Having 12,200 miles of tracks and employing 55,000 shop-men, the Pennsylvania Railroad was the largest railroad company. By July 2nd, twelve thousand (12,000) deputies and U.S. Marshals had been appointed and the National Guard troops were on duty in 7 states.
The powerful Federal Labor Relations Board was mostly backing the strikers and the Pennsylvania Railroad executives refused to recognize the Labor Relation Board. Logansport attorney Albert Jenkines represented the employees of the Federated Crafts Shop Union in Logansport during the strike. The local shops employed 1221 and were part of the Pennsylvania Railroad system.
Penn Station aka Pennsylvania Depot circa 1920.
STRIKE TURNS UGLY
The striking employees paraded through the streets. Porches were blown off houses, houses burned and shots were fired. The entire town was in an uproar. The Pennsylvania Railroad Company obtained an injunction from the Federal Court banning the strikers from railroad property.
Two thousand rioters and sympathizers surrounded the Pennsylvania (aka Panhandle) Shops. Superintendent Judson called Jenkines and advised him of the situation.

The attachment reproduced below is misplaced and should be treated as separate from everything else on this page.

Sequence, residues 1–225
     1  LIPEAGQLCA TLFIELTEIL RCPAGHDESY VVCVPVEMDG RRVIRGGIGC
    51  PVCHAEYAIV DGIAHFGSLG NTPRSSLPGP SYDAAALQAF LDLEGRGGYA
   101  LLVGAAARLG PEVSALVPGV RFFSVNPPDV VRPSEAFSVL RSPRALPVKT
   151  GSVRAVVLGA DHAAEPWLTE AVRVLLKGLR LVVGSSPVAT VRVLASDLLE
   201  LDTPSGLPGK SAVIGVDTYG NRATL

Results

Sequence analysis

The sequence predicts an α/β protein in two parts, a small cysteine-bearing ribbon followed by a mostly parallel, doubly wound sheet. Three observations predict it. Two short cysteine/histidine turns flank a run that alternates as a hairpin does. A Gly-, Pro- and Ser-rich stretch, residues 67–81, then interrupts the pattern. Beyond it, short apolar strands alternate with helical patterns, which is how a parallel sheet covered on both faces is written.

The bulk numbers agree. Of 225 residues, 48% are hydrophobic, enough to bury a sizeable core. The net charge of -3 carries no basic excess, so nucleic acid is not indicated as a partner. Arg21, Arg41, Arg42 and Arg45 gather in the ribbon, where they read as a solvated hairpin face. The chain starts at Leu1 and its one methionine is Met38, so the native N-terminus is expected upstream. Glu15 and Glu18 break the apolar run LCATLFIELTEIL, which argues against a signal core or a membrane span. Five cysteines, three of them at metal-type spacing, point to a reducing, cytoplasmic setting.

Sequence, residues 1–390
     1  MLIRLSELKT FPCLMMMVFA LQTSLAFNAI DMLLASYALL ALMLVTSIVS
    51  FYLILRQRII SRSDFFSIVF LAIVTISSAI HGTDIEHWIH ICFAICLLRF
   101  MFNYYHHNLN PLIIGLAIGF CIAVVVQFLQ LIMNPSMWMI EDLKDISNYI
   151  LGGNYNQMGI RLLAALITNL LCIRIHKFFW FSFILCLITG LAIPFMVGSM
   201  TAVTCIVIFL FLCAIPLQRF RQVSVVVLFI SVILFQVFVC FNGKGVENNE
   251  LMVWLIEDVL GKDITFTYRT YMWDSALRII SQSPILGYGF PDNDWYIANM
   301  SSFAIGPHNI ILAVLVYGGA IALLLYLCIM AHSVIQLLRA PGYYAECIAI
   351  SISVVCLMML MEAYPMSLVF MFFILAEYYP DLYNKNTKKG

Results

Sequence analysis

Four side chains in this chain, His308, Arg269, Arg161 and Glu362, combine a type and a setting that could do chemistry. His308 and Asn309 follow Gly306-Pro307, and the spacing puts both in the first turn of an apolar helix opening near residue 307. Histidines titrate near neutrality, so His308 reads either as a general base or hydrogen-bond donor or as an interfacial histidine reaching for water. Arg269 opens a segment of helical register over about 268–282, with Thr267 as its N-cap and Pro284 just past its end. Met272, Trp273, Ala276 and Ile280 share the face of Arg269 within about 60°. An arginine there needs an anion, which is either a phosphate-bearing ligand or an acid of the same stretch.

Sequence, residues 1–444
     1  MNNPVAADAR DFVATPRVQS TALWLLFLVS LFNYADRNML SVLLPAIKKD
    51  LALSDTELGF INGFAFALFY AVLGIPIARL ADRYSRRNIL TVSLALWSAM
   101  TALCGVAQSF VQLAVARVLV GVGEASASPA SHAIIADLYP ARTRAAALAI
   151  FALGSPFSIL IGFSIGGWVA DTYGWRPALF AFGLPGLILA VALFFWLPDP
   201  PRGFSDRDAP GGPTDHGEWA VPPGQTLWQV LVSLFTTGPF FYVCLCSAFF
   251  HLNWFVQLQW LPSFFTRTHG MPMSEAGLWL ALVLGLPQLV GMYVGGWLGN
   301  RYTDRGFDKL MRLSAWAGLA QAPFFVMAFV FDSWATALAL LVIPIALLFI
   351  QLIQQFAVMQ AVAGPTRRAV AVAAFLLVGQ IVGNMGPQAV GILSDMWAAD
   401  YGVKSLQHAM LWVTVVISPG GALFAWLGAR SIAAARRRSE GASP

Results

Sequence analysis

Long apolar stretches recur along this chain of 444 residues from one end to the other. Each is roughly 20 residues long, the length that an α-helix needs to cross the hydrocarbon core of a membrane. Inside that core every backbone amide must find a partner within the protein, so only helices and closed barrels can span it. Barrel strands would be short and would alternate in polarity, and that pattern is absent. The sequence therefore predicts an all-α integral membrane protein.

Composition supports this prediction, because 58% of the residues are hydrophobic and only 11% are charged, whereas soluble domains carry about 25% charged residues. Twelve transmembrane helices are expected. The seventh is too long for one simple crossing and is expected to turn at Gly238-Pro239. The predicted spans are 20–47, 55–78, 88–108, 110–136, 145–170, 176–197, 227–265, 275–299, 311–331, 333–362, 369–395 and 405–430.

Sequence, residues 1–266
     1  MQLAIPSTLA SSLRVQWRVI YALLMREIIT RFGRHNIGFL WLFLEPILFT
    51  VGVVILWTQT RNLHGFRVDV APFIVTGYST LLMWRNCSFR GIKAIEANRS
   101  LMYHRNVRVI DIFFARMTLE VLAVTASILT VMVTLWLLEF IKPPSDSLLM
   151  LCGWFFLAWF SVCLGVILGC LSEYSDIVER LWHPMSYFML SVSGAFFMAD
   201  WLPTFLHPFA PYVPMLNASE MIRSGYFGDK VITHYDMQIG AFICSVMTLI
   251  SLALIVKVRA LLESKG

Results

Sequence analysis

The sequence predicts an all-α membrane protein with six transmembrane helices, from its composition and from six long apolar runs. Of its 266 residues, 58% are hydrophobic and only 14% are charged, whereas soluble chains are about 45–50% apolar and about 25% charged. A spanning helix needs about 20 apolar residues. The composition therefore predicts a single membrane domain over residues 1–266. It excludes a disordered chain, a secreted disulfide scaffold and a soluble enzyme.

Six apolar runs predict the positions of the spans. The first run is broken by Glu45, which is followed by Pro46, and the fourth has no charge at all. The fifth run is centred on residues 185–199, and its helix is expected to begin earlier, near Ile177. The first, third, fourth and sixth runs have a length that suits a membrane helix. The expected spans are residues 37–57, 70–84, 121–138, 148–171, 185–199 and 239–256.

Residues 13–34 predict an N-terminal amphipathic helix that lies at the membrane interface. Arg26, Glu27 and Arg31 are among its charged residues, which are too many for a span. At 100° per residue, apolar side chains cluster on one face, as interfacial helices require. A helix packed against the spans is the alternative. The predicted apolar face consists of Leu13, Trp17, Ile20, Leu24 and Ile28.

Jenkines went down to the area where he saw the crowd and witnessed several officers being threatened. He urged the crowd to go home. Eighty-one of the strikers were cited for the disturbance and contempt of the court order.
There were 97 railroad guards on duty in Logansport carrying clubs, pistols and shotguns all furnished by the Pennsylvania Railroad.
Jenkines went to Indianapolis and met with railroad Vice-President Rogers, He then met with the strikers of Logansport and explained the conditions that Rogers had presented. The local strikers were in favor of accepting those conditions.
Jenkines met with Pennsylvania Railroad executives in Chicago who refused to consider ANY deal that didn't have to do with the entire railroad system.
Railroad Vice-President Rogers died suddenly and that ended all negotiations.
Ultimately United States President Warren G. Harding stepped in with a Federal Injunction. That effectively ended the strike on September 1, 1922.